These companion cases deal with the constitutionality of the definition of “terrorist activity” and its operation throughout the terrorism provisions of the Criminal Code. These provisions were enacted shortly after the terrorist attacks in the United States on September 11, 2001 as part of the Anti-Terrorism Act.
These cases consider, among other things, whether the broad definition of “terrorist activity” in the Criminal Code unjustifiably infringes on the Charter of Rights and Freedoms. The BCCLA was an intervener in this case and argued that the challenged provisions violate freedom of expression because they prohibit expressive political and religious activity that does not involve violence or the threat of violence, and criminalizes an overly broad range of expressive conduct.
The BCCLA is represented by Kent Roach of the University of Toronto and Robert Centa and Michael Fenrick of Paliare Roland Rosenberg Rothstein LLP.
The Supreme Court of Canada Ruling:
The Supreme Court of Canada upheld the challenged provisions. Importantly, however, it attempted to limit the ambit of the offences to only violence and threats of violence, and read the most problematic of the challenged provisions (s. 83.01(1)(b)(ii)(E)) as “confined to the realm of acts of violence and threats of violence.” The Court also left open the possibility of finding a violation of freedom of expression if the provision was utilized to criminalize non-violent expressive activity.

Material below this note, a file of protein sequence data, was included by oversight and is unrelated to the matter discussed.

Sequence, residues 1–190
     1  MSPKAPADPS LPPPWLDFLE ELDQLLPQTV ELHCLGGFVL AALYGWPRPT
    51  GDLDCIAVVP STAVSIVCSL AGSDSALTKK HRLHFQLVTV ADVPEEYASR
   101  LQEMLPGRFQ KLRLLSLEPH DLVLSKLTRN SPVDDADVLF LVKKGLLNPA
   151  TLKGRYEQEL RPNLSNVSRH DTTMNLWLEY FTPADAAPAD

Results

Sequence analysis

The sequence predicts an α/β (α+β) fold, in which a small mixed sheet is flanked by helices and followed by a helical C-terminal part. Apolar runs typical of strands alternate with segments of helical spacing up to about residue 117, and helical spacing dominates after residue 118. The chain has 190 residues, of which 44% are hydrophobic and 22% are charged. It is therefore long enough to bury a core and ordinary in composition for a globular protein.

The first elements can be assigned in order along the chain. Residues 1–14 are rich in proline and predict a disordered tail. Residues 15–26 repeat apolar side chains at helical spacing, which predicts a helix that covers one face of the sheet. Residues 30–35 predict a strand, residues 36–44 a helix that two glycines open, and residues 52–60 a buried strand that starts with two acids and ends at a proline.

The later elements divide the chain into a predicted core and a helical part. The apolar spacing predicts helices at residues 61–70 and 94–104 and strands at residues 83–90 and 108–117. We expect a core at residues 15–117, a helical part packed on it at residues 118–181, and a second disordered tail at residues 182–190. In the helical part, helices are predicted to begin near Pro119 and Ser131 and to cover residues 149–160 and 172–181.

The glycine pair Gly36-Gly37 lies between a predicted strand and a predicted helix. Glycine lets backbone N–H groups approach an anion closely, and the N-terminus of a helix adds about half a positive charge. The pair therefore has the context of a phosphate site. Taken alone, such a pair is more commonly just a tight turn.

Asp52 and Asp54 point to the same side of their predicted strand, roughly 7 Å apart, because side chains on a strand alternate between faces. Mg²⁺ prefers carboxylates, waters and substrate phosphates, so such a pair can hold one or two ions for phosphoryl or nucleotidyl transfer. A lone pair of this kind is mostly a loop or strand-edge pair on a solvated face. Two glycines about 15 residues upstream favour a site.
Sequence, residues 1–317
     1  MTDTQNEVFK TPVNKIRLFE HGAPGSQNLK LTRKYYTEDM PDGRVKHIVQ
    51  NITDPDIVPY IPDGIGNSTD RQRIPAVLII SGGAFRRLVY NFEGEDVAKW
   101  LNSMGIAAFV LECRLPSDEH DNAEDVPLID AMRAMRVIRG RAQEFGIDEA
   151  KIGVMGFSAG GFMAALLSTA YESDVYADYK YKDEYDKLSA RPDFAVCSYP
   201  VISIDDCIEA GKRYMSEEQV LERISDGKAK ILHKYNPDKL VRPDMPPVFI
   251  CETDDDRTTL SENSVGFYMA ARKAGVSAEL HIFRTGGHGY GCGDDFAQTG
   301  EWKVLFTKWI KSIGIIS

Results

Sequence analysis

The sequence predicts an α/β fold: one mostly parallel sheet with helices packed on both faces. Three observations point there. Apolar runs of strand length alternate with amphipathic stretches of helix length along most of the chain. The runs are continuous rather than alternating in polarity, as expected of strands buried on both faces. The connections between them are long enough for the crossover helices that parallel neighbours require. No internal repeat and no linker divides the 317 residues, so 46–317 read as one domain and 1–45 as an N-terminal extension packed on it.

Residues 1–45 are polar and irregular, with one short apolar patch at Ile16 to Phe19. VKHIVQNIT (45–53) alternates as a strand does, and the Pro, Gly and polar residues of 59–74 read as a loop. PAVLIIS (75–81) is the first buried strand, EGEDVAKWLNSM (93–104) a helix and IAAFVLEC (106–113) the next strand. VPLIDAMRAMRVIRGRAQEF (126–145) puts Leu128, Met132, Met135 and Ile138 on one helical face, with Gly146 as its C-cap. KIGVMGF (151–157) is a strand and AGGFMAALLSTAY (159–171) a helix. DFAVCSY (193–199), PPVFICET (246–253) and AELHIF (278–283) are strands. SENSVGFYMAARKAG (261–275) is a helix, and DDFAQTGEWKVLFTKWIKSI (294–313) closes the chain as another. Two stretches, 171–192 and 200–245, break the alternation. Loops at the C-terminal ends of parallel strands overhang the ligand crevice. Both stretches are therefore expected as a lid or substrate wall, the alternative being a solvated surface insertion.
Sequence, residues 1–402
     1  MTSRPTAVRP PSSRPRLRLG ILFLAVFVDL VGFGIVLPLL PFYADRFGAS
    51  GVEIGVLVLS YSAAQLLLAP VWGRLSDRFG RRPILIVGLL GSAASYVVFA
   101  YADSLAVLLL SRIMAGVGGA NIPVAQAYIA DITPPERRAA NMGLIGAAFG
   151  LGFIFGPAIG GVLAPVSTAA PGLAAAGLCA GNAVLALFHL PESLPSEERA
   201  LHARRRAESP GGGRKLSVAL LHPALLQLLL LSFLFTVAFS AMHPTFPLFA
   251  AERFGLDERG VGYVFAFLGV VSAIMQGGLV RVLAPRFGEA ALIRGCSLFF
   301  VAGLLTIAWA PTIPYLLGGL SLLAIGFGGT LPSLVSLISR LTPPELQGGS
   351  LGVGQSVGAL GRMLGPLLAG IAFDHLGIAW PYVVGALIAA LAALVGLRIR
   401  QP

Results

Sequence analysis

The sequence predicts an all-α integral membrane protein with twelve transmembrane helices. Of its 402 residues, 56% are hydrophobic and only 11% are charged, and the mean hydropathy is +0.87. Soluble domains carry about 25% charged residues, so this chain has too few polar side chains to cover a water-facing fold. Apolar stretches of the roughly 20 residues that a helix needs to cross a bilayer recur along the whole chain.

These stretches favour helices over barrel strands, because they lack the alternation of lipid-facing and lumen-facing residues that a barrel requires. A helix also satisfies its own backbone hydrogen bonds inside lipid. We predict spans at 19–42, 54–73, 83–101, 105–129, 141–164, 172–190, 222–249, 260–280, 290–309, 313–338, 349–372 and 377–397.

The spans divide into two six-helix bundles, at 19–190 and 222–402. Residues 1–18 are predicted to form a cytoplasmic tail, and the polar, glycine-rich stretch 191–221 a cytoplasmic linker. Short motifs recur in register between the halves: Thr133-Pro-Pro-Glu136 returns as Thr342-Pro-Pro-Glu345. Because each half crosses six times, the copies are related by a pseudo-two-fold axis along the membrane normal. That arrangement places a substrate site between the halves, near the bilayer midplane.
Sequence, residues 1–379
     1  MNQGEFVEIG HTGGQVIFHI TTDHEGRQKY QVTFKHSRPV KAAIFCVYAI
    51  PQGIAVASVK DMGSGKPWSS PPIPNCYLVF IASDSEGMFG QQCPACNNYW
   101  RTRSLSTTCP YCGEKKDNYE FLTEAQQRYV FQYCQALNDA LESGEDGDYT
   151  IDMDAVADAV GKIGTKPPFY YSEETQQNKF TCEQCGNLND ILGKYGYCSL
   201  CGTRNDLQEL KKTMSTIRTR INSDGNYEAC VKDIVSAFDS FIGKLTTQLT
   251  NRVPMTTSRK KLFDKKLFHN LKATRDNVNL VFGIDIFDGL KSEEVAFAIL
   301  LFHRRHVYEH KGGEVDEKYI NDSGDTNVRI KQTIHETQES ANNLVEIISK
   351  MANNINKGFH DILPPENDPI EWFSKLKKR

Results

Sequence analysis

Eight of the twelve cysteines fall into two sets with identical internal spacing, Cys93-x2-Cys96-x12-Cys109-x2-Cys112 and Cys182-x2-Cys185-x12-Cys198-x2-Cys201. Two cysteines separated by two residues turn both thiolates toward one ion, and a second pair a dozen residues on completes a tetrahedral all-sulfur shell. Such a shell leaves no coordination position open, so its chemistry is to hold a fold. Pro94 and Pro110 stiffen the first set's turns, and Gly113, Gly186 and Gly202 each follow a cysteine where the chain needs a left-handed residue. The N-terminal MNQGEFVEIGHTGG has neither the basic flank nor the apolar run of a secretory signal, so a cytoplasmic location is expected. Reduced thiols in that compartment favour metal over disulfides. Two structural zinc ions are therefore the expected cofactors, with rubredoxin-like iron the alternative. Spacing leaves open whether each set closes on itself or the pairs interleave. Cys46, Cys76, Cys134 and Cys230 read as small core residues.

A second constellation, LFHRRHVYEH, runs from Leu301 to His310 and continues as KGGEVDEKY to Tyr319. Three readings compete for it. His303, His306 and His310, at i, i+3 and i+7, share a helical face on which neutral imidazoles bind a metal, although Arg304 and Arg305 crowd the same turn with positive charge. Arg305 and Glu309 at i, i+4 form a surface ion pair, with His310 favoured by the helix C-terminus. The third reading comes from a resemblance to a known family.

The Court also provided guidance on the scope of the law criminalizing participation in or contributions to the activities of a terrorist group. It considered the example of a person “who marches in a non-violent rally held by the charitable arm of a terrorist group, with the specific intentionof lending credibility to the group and thereby enhancing the group’s ability to carry out terrorist activities.” According to the Court, “although s. 83.18(1) of the Criminal Code punishes an individual who ‘participates in or contributes to … any activity of a terrorist group,’ the context makes clear that Parliament did not intend for the provision to capture conduct that creates no risk or a negligible risk of harm. Indeed, the offence carries with it a sentence of up to ten years of imprisonment and significant stigma. This provision is meant to criminalize conduct that presents a real risk for Canadian society.”